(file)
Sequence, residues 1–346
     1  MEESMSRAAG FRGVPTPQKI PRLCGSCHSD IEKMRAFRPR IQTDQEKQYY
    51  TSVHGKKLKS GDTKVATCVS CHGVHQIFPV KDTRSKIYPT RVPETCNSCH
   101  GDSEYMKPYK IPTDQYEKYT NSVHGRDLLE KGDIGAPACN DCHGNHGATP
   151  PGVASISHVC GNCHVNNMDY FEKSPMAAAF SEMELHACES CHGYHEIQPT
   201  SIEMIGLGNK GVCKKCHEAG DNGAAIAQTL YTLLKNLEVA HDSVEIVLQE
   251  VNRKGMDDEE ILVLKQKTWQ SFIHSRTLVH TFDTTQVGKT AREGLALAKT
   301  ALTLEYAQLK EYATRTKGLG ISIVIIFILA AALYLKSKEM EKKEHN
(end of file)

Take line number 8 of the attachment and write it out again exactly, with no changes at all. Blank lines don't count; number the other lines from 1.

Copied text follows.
   301  ALTLEYAQLK EYATRTKGLG ISIVIIFILA AALYLKSKEM EKKEHN